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Posted: August 31, 2017 11:52 a.m.
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Diamond Elementary shows off ‘shiny’ new building

Staff Sgt. Sierra A. Melendez/

Dr. Christy Huddleson, Department of Defense Education Activity Americas Southeast District Superintendent; Col. Jason A. Wolter, Fort Stewart garrison commander; Nathanial Aguilar, Diamond Elementary student; Kathleen Reiss, DoDEA Americas South Carolina/Fort Stewart community superintendent; Shalayah Dukes, Diamond Elementary student; Scott Evers, great nephew of Pfc. James H. Diamond; Kelly Strozier, great niece of Pfc. James H. Diamond; and Jarrod Gruber, great-great nephew of Pfc. James ...

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The ground breaking for the facility began May of 2011 and features energy and environmentally sustainable capabilities, solar panel installation and is completely lit utilizing light emitting diode (LED) lighting. The U.S. Army Corps of Engineers played an integral role in the construction of the building.

The Department of Defense Education Activity school opened its’ doors to students for the 2017-2018 academic year earlier in the month. The ribbon cutting ceremony marked the official opening to the public, providing an opportunity for stakeholders and community leaders to take a tour of the cutting-edge facility.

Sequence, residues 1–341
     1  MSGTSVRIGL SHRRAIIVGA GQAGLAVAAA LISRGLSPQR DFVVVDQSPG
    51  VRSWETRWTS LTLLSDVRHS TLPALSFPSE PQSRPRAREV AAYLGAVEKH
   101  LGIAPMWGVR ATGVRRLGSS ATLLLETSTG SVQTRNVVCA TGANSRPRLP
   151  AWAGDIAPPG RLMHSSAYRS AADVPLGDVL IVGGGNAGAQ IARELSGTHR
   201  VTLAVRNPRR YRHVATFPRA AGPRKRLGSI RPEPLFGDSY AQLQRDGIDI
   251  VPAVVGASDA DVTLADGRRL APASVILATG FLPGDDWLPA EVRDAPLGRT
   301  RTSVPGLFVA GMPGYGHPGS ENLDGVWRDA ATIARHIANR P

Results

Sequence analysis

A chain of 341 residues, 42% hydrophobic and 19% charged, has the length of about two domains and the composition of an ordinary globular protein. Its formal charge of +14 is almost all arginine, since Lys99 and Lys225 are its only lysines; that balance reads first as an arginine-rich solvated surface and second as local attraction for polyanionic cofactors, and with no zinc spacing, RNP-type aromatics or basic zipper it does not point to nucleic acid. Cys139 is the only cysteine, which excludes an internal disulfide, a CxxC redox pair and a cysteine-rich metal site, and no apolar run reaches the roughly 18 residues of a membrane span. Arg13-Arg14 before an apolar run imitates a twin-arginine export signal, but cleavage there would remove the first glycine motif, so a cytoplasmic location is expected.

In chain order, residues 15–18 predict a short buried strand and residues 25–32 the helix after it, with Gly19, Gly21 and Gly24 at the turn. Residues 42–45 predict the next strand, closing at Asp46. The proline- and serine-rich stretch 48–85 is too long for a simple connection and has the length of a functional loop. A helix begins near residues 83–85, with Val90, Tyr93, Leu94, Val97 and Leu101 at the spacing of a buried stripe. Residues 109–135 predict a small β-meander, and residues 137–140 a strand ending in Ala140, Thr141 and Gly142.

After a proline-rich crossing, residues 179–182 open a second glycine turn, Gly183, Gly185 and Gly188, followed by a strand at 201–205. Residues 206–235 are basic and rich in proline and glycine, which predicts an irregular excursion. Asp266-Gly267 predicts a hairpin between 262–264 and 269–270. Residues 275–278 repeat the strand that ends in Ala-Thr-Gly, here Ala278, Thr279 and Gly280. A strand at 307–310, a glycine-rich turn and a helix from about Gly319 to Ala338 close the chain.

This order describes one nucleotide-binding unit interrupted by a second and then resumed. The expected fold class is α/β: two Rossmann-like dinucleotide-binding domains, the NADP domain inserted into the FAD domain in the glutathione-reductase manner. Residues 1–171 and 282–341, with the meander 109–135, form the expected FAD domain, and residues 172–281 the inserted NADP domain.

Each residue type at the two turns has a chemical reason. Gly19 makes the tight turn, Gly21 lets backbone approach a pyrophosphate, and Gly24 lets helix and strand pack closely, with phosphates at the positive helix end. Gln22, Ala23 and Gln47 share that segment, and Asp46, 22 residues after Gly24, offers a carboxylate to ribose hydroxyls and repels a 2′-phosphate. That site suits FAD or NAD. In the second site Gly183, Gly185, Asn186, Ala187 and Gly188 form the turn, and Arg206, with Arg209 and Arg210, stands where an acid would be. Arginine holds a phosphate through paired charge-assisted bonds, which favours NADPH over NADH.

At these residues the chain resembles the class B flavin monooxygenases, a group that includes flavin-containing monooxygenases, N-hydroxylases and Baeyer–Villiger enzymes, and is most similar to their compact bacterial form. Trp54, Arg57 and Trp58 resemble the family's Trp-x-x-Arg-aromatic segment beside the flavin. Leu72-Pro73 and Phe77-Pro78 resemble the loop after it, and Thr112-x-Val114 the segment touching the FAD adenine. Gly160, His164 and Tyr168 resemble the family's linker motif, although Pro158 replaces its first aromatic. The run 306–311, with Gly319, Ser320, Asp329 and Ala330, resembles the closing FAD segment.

Col. Jason A. Wolter, Fort Stewart garrison commander, addressed the auditorium filled with the ‘Diamond Gator’ students and faculty. Wolter has a child who attends the school and spoke on the benefits of being in the student body of a DoD-ran school.

“You are part of 72,000 other kids and this is one of 166 different schools in 11 different countries,” said Wolter. “And you may not know this but being a DoDEA student – a gator student – means that your math and reading scores will be some of the top in the nation. Being in a DoDEA school means your high school graduation rate will be higher than the rest of the country, and you will have a greater chance at attending college.”

Wolter wrapped up by expressing gratitude to the teachers of Diamond Elementary, an all too often thankless job.

“You are the glue that holds this all together,” said Wolter.

The school was named after Pfc. James H. Diamond, a 24th Infantry Division Soldier who was killed in action while trying to save the lives of his comrades in the Philippines in 1945. Diamond was posthumously awarded the Congressional Medal of Honor for his valiant and intrepid actions. 

Diamond’s great niece, Kelly Strozier, and great nephews Scott Evers and Jarrod Gruber, were present for the ceremony and boasted on the warm welcome they were given by the Marne division.

 

“It’s great to see how the service continues to put family first,” said Evers. “He [Diamond] would absolutely be amazed by this facility. He continues to make an impact so long after his death, and it’s comforting to see he isn’t forgotten.”


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